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Risk Factors

Do you know your risk for heart disease? Learn what increases our cardiovascular risk and how we can reduce or control risk factors that we may have.

  • What is cognitive impairment?

  • Cognitive impairment is reduced brain function associated with problems around memory, language, thinking and judgment. This condition often comes with old age, but can also occur as a result of cardiovascular risk factors or stroke.
  • What is a healthy blood pressure?

  • For adults, a healthy blood pressure is less than 120/80 mmHg. Blood pressure is considered elevated between 120–139 mmHg systolic (top number) or between 80–89 mmHg diastolic. Chronic high blood pressure, known as hypertension, occurs when systolic blood pressure is more than 140 mmHg or the diastolic systolic blood pressure is more than 90 mmHg.
  • What is a "healthy" amount of TV viewing?

  • Based on study findings, Americans should limit their TV viewing to less than 2 hours each day. However, a “healthy” amount of TV viewing may vary depending on the health of the viewer. For example, if you watch more than 2 hours of TV each day but exercise regularly and maintain a healthy diet and weight, you will likely have less risk for conditions such as heart disease and type 2 diabetes than those with a less healthy lifestyle.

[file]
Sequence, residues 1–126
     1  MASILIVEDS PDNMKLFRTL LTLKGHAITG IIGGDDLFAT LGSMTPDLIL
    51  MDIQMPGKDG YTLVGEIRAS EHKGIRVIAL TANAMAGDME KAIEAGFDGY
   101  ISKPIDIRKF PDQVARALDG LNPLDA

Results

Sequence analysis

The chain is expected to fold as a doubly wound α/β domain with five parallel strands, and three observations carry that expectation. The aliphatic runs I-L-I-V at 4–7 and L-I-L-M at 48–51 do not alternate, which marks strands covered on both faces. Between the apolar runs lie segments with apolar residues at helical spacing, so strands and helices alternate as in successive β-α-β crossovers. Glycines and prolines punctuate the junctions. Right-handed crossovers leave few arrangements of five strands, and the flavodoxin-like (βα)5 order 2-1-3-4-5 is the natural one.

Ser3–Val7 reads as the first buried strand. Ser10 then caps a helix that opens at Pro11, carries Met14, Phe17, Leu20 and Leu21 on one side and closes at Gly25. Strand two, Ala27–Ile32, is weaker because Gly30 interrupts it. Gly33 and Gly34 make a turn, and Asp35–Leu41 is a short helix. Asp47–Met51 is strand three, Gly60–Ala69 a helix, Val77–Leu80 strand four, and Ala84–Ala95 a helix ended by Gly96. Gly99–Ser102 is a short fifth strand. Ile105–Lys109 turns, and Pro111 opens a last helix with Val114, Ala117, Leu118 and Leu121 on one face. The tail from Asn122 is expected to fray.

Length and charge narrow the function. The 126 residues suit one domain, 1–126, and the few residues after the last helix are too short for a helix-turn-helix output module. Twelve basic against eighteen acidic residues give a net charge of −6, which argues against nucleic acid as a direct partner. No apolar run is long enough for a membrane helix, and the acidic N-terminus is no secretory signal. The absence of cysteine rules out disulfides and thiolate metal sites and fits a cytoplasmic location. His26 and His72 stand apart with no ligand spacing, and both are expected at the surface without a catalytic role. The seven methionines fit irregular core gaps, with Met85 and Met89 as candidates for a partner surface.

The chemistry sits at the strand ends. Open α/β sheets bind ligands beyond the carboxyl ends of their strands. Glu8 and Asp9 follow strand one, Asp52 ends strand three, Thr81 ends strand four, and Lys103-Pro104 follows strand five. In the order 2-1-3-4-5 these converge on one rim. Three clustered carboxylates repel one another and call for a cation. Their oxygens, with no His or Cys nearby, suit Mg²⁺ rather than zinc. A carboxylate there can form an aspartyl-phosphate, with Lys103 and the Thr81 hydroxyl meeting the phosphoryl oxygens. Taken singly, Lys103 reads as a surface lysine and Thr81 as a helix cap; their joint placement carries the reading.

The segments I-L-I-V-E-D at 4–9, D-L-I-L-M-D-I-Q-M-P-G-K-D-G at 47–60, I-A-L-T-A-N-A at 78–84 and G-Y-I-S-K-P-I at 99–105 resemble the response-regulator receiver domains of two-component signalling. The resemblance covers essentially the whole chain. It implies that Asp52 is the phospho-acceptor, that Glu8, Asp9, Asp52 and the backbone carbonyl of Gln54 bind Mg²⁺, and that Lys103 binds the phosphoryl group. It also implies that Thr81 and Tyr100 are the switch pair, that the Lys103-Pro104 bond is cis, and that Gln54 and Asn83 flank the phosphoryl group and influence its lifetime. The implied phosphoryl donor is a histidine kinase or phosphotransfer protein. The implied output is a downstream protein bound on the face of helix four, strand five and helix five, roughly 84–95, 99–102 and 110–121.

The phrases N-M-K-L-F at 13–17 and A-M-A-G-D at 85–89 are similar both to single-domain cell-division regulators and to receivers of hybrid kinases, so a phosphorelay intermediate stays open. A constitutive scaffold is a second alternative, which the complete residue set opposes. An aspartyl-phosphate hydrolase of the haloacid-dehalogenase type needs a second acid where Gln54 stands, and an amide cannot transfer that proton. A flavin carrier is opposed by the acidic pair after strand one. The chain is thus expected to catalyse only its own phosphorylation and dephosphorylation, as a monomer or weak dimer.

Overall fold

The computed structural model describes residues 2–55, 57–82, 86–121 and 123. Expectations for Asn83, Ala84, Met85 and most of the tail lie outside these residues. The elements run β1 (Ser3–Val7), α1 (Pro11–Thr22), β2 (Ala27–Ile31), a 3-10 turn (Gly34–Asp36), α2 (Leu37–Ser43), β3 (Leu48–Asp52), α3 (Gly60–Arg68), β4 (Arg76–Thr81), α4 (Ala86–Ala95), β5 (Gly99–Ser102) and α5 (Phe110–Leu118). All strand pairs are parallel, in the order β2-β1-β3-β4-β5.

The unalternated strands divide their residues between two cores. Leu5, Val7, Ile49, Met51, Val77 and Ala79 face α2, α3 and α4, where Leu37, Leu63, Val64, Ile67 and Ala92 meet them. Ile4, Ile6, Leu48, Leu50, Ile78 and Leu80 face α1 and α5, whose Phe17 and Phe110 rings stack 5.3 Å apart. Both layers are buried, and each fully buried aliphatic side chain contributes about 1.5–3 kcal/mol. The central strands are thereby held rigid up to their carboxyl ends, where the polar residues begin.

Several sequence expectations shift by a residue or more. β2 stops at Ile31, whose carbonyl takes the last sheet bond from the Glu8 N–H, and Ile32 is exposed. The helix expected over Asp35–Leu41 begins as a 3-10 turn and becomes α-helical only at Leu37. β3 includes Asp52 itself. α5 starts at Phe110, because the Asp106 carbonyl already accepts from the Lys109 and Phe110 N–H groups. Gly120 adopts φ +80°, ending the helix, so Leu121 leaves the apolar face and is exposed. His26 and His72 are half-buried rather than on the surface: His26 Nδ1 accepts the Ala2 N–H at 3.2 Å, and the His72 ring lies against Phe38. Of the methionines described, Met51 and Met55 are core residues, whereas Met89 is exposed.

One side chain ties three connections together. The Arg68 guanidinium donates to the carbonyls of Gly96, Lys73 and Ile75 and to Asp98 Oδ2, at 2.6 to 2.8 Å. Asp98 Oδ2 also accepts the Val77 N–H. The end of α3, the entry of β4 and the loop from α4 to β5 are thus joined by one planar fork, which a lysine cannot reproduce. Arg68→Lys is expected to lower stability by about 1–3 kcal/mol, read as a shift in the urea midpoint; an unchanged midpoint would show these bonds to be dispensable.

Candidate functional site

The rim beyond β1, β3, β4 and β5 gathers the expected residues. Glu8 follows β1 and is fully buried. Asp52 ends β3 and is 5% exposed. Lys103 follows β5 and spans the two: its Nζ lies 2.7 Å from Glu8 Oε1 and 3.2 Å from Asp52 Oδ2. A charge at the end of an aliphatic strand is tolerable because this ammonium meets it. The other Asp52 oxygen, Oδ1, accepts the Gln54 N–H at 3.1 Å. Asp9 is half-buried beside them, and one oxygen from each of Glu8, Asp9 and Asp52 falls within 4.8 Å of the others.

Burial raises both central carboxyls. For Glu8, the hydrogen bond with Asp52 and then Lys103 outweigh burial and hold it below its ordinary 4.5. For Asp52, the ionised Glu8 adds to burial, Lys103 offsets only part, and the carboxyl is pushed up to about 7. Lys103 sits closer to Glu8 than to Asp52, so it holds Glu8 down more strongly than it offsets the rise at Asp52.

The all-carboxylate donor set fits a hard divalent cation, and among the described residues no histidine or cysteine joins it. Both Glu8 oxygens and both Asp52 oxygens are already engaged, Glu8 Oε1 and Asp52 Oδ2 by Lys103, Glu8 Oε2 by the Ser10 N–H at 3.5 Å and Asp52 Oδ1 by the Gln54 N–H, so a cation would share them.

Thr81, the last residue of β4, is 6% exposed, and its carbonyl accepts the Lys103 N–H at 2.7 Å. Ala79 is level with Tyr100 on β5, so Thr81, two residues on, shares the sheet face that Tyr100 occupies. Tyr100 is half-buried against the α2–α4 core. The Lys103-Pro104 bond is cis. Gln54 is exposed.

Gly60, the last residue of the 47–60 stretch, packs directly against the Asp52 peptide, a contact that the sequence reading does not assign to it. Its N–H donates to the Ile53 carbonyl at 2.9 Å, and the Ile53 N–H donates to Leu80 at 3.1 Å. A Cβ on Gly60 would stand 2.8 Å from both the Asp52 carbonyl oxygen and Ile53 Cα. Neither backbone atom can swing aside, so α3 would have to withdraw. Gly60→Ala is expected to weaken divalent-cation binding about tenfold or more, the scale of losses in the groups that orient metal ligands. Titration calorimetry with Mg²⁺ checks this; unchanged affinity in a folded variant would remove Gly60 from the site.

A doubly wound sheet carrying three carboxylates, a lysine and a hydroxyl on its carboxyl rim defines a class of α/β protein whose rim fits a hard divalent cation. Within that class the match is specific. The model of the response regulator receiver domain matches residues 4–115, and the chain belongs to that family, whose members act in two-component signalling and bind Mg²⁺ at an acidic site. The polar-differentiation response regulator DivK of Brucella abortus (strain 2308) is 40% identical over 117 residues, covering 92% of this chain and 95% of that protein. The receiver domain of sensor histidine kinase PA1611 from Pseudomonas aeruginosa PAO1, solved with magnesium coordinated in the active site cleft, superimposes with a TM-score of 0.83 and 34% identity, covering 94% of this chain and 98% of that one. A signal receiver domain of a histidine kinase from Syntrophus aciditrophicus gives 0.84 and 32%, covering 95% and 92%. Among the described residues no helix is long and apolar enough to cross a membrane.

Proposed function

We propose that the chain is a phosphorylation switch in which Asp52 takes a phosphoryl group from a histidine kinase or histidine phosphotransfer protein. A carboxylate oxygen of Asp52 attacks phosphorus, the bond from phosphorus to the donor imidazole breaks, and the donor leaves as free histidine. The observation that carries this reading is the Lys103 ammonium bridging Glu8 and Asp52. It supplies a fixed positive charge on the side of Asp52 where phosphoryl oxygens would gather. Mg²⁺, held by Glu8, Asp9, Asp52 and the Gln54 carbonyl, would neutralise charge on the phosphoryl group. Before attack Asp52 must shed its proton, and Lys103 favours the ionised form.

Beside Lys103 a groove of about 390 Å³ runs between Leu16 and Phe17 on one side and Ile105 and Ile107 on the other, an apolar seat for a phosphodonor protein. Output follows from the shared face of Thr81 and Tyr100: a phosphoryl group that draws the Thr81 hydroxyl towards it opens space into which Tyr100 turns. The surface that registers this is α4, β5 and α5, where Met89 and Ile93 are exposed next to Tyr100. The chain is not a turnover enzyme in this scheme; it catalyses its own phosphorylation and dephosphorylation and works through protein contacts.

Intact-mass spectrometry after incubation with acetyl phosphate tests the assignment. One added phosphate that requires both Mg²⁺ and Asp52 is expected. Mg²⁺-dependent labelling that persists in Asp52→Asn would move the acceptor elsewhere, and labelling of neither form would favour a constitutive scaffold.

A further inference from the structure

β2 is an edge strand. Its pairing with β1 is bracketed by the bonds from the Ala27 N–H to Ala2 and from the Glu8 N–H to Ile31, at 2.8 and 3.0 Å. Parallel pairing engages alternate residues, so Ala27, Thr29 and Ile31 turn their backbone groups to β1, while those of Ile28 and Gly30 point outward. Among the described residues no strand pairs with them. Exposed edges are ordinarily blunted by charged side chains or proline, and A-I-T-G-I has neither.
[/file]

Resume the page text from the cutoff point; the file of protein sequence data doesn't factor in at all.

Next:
• What is a healthy weight?

  • A few important tools can be used to determine if an individual is underweight, normal weight or overweight. The easiest tool is a Body Mass Index, which is calculated using height and weight to estimate levels of body fat. However, Body Mass Index is not always accurate, particularly among individuals with extremely high or low amounts of muscle. In these cases, measuring waist circumference is helpful in assessing weight, as a waist circumference greater than 35 inches for a woman or 40 inches for a man is considered unhealthy.
  • What is a biomarker?

  • Biomarkers found in the blood or tissue may be used to indicate a normal or abnormal process, a condition or disease, or how the body is reacting to treatment.
  • What is a high-sensitivity C-reactive protein (hsCRP)?
  • C-reactive protein is a type of protein that the liver makes in response to inflammation in the body. Because inflammation is linked with heart disease, doctors often use a simple blood test called a high-sensitivity C-reactive protein test to better assess an individual’s heart health.
  • What is "sick fat"?